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Essay on Language: Five Functions of Language

Language is the most important tool of communication invented by human civilization. Language helps us share our thoughts, and understand others. It’s hard to overestimate the importance of language for our lives. Every time we speak, we do it with a particular purpose. Sometimes we want to deliver a message, or express our feelings. We use language to ask for help, or just to say a joke.

Generally, there are five main functions of language, which are informational function, aesthetic function, expressive, phatic, and directive functions. Any language is determined by a number of factors, such as a social background, attitudes and origin of people. Language is always related to situation it is used within. Every person has a certain social background, and this is what determines one’s language.

We are going to consider different functions of language, and its connection to social circumstances, since language is related to the type of social organization.

As we mentioned above, language is used in every part of our lives, and it’s the most important part of communication. We use language in every situation, every time we need something. In turn, our needs determine our language, since we choose a type of language that is most effective for our needs.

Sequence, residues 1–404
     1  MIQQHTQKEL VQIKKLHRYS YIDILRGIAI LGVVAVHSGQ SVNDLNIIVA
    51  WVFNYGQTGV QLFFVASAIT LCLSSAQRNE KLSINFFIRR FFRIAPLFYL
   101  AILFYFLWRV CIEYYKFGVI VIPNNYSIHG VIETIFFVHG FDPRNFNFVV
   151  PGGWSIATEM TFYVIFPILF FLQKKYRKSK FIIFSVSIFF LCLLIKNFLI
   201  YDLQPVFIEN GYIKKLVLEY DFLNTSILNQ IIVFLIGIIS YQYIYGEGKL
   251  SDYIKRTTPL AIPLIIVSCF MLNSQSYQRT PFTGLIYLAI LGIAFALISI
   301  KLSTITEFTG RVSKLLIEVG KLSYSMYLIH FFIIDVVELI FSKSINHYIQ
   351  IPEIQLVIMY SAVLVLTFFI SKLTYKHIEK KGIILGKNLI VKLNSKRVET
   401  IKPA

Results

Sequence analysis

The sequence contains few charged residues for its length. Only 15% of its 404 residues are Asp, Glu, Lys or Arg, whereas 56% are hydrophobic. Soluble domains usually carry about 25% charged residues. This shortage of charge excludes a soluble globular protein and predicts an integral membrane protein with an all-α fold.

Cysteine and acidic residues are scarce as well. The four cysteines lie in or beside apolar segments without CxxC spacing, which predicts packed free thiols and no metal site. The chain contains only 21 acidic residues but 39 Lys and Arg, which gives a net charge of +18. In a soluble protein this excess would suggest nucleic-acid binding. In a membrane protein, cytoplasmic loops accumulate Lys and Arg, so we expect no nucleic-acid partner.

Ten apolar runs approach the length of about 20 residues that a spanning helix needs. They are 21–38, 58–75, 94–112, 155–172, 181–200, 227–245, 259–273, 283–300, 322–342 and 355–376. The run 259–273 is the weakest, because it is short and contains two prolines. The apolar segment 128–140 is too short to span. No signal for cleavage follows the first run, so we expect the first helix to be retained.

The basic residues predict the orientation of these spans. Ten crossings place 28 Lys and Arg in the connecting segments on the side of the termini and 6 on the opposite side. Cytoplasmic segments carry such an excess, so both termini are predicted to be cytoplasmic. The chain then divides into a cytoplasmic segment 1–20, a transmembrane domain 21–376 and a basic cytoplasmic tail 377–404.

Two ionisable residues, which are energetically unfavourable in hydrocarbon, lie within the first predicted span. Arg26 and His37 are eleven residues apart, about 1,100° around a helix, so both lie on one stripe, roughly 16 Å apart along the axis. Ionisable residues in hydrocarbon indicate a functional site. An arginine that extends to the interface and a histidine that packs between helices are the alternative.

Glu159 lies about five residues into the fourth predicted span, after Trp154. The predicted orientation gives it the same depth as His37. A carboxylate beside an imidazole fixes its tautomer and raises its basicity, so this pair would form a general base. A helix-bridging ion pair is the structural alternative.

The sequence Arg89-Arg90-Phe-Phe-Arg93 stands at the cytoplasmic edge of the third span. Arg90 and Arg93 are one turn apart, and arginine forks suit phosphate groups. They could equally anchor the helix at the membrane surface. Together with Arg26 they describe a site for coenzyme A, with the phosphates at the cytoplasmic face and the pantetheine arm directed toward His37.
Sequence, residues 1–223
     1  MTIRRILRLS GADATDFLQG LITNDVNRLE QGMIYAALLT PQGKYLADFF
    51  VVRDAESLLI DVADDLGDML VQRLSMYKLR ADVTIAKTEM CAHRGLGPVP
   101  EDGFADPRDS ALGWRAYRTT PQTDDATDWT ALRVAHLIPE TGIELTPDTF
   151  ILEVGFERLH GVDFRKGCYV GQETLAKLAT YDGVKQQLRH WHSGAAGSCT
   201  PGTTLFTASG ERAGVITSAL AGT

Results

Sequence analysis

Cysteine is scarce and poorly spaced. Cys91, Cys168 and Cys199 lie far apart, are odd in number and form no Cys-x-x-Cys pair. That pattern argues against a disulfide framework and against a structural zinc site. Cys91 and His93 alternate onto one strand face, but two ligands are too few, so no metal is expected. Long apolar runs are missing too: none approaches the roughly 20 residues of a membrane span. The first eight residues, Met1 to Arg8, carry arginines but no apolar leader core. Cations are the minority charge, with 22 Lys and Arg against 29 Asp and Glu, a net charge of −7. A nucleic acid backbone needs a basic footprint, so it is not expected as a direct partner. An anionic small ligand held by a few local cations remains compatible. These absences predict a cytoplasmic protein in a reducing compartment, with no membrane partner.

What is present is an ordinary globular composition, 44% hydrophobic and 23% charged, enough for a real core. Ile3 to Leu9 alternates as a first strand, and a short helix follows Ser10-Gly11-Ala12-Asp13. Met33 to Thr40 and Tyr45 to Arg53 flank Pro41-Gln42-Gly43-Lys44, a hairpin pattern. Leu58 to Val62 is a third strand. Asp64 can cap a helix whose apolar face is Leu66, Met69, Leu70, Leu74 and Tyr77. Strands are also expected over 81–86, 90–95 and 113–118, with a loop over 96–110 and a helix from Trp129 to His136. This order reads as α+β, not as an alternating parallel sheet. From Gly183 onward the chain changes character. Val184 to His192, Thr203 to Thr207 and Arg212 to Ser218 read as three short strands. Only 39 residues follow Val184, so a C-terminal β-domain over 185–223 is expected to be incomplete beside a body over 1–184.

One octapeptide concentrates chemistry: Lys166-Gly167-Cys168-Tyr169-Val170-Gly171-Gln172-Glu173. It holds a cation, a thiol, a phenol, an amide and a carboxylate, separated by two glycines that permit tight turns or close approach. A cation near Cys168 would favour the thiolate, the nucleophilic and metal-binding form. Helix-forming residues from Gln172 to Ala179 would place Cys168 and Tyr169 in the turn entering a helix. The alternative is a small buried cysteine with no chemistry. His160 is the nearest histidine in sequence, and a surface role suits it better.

Every our sentence has its particular function. It may express a statement, or a question. It also may be just an exclamation. If we want to know something, we create a sentence in the form of a question. In other case, if we want to share information or emotions, we choose a statement structure.

Five Functions

According to Geoffery Leech (1974), there are five main functions of language. We mentioned all these five functions at the beginning. Now, let’s take a closer look at each one of them.

The informational function can be considered most important, since it helps us deliver messages, describe things, and give our listener new information. Actually, message is a word that describes this function best. The informational function is also related to such terms as a truth and a value.

The next function of language is the expressive function. We need such function every time we want to express our feelings. There are words that are used to express attitudes and feelings, which don’t deliver any particular information. Obvious examples of such words are swear words, as well as various exclamations. This function of language is used not to deliver a message, but to express feelings and impressions. Due to the expressive function of language, we can understand the personality of a speaker, and his or her emotions. While the informational function can be illustrated on the example of an encyclopedia article, the expressive function is used in literature and poetry. Every time we say a phrase like “I love this movie so much”, we don’t give a listener any particular information about the subject of this sentence, except our feelings about it.